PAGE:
Education unit drags Rupert Murdoch’s News Corp to loss in the last quarter
News Corp. said Wednesday it swung to a loss in the last quarter, as it wrote down the value of its education technology business, called Amplify.
The media group controlled by Rupert Murdoch and his family said it was now reviewing “strategic alternatives” for the education business, which sought to deliver digital content and analytics to schools.
As a result of the writedown and other one- time charges, News Corp posted a loss of US$ 379 million for the quarter ending June 30, following a profit of US$ 12 million in the same period last year.
Revenues for the period fell two percent to US$ 2.14 billion for News Corp., which operates The Wall Street Journal, New York Post, The Times of London, The Sunday Times, a group of newspapers in Australia and the HarperCollins book publishing group.
solid performance across a number of our businesses, including the fast- growing realtor. com, we had a strong fourth quarter finish to a good fiscal year,” said chief executive Robert Thomson.
In the News and Information unit, revenues for the period dropped 10 percent from a year ago to US$ 1.4 billion, while operating profit rose 29 percent to US$ 169 million.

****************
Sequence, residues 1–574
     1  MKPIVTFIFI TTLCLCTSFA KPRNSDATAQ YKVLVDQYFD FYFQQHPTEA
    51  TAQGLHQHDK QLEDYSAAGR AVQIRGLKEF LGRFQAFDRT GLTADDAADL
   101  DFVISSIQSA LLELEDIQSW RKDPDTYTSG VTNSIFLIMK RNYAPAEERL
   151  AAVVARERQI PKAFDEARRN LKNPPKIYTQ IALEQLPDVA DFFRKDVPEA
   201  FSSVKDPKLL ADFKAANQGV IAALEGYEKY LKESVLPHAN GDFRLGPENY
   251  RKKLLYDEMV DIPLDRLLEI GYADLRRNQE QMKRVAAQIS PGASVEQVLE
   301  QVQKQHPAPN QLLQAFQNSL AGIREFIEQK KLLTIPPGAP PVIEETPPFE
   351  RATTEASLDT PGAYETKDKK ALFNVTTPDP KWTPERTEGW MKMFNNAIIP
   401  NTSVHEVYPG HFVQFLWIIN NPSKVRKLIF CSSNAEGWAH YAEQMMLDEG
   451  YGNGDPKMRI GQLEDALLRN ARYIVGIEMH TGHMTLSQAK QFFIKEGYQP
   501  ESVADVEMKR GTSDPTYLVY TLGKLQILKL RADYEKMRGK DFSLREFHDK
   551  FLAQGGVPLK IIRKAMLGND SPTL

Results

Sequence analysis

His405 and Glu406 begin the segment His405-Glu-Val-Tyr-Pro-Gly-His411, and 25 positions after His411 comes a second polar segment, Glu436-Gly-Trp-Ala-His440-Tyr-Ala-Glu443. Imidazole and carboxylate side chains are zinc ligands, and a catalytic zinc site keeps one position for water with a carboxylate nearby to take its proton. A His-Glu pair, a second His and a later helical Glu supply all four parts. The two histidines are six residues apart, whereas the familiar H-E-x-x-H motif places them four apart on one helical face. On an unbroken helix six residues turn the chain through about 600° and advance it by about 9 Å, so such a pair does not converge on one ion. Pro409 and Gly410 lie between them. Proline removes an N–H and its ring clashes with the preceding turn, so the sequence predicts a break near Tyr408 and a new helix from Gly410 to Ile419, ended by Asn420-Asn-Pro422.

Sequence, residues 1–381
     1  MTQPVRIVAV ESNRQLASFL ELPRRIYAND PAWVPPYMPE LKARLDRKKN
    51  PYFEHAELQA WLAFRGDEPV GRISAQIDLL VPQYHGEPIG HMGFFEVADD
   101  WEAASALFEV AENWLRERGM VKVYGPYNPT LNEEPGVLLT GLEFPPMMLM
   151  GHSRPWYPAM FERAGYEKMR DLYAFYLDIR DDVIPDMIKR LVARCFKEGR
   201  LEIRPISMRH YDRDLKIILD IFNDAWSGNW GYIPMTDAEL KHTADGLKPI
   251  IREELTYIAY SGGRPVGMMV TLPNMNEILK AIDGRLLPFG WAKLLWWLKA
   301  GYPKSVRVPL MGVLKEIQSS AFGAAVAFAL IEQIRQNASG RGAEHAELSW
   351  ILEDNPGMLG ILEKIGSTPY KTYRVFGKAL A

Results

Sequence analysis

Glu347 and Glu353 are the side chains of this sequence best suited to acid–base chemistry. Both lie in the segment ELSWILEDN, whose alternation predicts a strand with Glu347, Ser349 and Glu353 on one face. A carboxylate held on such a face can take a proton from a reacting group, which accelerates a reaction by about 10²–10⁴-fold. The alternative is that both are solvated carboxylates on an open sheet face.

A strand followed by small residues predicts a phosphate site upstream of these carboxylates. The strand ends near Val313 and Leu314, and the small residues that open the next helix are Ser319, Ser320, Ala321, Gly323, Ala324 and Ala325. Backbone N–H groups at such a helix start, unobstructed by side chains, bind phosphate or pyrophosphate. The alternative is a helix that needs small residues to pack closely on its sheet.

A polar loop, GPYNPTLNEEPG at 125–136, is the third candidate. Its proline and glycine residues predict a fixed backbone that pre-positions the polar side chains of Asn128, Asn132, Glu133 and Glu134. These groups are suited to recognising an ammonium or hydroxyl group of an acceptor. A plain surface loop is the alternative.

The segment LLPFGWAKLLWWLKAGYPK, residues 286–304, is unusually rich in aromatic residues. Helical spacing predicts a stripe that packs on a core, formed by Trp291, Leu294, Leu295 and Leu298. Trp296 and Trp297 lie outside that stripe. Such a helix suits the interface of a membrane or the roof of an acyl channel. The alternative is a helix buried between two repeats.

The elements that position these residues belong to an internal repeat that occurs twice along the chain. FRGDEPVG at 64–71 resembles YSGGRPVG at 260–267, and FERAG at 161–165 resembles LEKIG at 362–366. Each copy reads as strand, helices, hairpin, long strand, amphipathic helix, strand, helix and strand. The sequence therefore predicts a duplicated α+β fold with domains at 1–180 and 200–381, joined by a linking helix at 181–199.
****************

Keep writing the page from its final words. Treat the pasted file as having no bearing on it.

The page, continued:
Sickle cell disease is an inherited disorder that is most common in people of African, Middle Eastern and South Asian descent. Its symptoms include severe pain and it leads to organ failure and death. The National Institutes of Health says a stem cell transplant from a donor is the only cure for the condition, but most patients are too old for a transplant or can’t find a good enough genetic match. One drug is approved to treat pain caused by sickle cell disease, and blood transfusions are also used as treatments.
The company’s offering of 6 million shares priced at US$20 each raised a greater-thanexpected US$120 million. The stock surged to a closing price of US$43.11, a gain of 116 percent. FactSet says the company’s market capitalization is now around US$3.5 billion, and it’s the third biotech to have its shares more than double in value on their first day of trading this year.
Government-owned Solid Energy announced it was placing itself into voluntary administration, a process it hopes will allow it to keep trading as it tries to sell its assets. Whether any of its coal operations remain viable will be up to any potential buyers to decide.
The company employs 540 staff directly and another 200 contractors. At its peak, it was mining more than 4 million metric tons of coal each year, about 70 percent of which was used for making steel.
The company said its large debt was exacerbated by a drop in the price for hard coking coal from over US$300 per metric ton in 2011 to about US$85 this year. Contributing to the fall has been China’s slowing growth, some U.S. utilities switching to natural gas, and a glut of supply. gether, customers with hundreds of thousands of checking and savings accounts were shorted millions of dollars over six years starting in 2008, the regulators said Wednesday. The action, the first of its kind, was brought by the Consumer Financial Protection Bureau, the Federal Deposit Insurance Corp. and the Treasury Department’s Office of the Comptroller of the Currency.